A couple of months ago, I was home from work with a bad case of bronchitis. Not only was my breathing affected, but the body aches and the rapid swings between feeling hot and cold had me running through wardrobe changes faster than Cher at her Farewell Tour.
At one point, I was feeling so crummy, I was taking the maximum daily dosage of pain reliever. In doing so, I quickly depleted my supply and needed to open a new bottle. Little did I know the ordeal that was lying ahead:
The box was “sealed for my protection”. I understood why. I believe many of us can remember the events of 1982 that led to the reason why medication packages are designed and secured in the way that they are.
Check out this link for a refresher: https://www.pbs.org/newshour/health/tylenol-murders-1982
But despite the multiple attempts, with the “brute force” I was putting into it – maybe it was my weakened state – I just couldn’t tear through the simple plastic seal on the cardboard box, no matter how hard I tried. The packaging was visibly mangled, but I just couldn’t break in. Continue reading
I was at the movie theatre one night, on the edge of my seat, holding my breath, when Dame Judi Dench was in the middle of a long pause, about to utter with masterful precision the words that will earn her next Academy Award nomination… when I was suddenly blinded by a bright blue screen, from the idiot in front of me, checking her phone.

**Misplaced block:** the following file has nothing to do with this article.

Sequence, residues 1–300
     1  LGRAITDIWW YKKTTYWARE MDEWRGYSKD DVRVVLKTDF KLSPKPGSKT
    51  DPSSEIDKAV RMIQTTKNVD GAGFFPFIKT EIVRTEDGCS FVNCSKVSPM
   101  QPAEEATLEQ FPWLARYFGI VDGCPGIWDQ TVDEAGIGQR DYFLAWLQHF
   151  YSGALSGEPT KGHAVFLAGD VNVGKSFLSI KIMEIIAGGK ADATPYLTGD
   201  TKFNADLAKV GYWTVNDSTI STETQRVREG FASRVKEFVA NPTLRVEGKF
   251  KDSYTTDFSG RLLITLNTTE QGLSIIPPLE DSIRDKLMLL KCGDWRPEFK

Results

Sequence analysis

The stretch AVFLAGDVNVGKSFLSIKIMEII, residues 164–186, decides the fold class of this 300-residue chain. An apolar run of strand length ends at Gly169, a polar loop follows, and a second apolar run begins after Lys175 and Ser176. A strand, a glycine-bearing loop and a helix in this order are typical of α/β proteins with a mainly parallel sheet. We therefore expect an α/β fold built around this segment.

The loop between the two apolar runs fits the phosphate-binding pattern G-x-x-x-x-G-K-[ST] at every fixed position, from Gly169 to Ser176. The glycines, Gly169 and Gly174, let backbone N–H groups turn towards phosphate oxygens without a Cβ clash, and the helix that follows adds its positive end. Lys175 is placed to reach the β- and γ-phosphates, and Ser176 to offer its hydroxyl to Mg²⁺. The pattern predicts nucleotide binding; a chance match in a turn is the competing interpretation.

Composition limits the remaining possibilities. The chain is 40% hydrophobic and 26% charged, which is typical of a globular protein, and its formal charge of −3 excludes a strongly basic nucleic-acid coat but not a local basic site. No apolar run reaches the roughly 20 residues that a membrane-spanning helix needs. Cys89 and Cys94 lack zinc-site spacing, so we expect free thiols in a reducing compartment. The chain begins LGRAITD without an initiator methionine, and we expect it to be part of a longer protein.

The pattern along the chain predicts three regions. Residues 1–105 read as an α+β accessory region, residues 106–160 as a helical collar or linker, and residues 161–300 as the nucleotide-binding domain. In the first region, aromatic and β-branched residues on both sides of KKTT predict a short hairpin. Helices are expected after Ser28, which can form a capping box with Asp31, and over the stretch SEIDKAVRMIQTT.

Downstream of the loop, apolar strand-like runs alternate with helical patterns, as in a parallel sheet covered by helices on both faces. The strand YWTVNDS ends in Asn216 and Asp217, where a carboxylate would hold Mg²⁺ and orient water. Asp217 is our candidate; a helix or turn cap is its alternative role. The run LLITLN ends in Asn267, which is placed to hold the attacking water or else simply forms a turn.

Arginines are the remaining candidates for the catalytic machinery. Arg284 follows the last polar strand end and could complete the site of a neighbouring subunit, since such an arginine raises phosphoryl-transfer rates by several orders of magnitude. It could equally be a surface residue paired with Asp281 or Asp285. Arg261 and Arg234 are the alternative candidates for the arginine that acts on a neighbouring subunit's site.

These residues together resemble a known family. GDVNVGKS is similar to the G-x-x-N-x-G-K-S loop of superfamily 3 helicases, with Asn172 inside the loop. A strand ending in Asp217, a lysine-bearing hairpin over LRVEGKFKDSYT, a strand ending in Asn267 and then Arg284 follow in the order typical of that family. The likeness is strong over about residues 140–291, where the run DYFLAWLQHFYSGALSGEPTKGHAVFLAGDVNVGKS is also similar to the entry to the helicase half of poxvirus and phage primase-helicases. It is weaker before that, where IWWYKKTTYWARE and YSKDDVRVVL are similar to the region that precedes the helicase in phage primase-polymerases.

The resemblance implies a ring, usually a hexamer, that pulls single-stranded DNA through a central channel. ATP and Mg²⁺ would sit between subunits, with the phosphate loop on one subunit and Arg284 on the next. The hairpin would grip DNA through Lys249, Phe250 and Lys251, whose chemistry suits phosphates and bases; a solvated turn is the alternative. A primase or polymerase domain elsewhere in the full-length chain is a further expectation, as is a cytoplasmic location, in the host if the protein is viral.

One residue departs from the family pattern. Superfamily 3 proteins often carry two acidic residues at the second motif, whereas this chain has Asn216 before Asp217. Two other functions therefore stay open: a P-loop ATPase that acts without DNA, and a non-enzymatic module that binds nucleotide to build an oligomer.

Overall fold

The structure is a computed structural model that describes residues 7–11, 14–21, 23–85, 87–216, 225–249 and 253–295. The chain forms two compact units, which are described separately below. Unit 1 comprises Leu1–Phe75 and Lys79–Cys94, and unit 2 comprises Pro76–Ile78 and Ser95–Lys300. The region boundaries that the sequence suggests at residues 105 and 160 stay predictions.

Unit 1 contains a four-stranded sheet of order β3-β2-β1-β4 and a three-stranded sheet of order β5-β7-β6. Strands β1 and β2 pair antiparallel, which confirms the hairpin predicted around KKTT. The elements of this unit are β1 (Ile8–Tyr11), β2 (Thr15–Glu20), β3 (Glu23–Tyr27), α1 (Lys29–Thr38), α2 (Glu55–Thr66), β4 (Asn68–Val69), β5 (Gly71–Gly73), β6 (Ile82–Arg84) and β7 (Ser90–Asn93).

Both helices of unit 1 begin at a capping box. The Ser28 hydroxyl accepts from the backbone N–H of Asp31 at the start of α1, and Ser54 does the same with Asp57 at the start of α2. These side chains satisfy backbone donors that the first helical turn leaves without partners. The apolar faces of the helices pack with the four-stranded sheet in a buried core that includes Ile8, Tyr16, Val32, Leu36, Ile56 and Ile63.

Needless to say, I was devastated to have been dragged out of the precious moment where I completely escaped my own life, to live vicariously through the characters of this cinematic masterpiece. I felt robbed.
I leaned over and whispered sternly, “That’s very distracting!” The idiot turned back and gave me a glare like she was the offended one.
Are you kidding me?
After she turned around, I offered her my look of scorn and severe disdain with one eyebrow raised and one lowered, accompanied by a middle-finger salute, a gesture I reserve for the rare few who crack through my calm exterior and get my blood instantly boiling. With that done, I was able to let it go and reconnect with the movie.
I don’t know why but lately, it seems that every visit to a theatre has at least one person checking their phone during the movie which is completely unfair to the rest of the movie patrons.
A movie theatre is a place where people go to escape from day-to-day reality. It’s a place to forget one’s troubles, to get inspired and to be taken away to a different world. Continue reading
When I took Ivy the Wonder Cat to the veterinarian for the very first time, at one year old, she was just a feline teenager and the absolute picture of health. The only thing that was mentioned as a potential issue down the road was her teeth, as tartar was already starting to build up.
Given the back story offered to me by the Ottawa Humane Society, of a life on the cold, wintry streets of Ottawa, fending for herself, eating from garbage cans in a tough neighbourhood, I should not have been surprised that Ivy’s teeth weren’t worthy of a finalist’s spot on America’s Next Top Model.
My vet recommended I put out a bowl of tartar control dry food, something she might eat more consistently than the occasional tartar control cat treat that I might give her. The second alternative was to brush her teeth.
At the time, I was already on the nerve-racking journey of finding the right time and mood where she would allow me to gently trim her nails. Some days, the right mood just wasn’t there, as scratch marks added up like a tote board on a telethon. Getting a toothbrush anywhere near her mouth seemed like an impossible dream.